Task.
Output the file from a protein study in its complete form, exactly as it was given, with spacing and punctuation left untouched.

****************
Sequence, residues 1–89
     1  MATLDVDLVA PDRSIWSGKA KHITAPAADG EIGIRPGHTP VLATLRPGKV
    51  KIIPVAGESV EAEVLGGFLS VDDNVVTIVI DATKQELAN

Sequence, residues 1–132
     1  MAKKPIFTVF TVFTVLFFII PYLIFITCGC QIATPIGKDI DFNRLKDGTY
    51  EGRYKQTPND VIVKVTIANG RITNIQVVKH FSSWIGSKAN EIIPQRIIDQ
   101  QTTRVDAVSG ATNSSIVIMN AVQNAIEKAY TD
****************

Sequence, residues 1–89
     1  MATLDVDLVA PDRSIWSGKA KHITAPAADG EIGIRPGHTP VLATLRPGKV
    51  KIIPVAGESV EAEVLGGFLS VDDNVVTIVI DATKQELAN

Sequence, residues 1–132
     1  MAKKPIFTVF TVFTVLFFII PYLIFITCGC QIATPIGKDI DFNRLKDGTY
    51  EGRYKQTPND VIVKVTIANG RITNIQVVKH FSSWIGSKAN EIIPQRIIDQ
   101  QTTRVDAVSG ATNSSIVIMN AVQNAIEKAY TD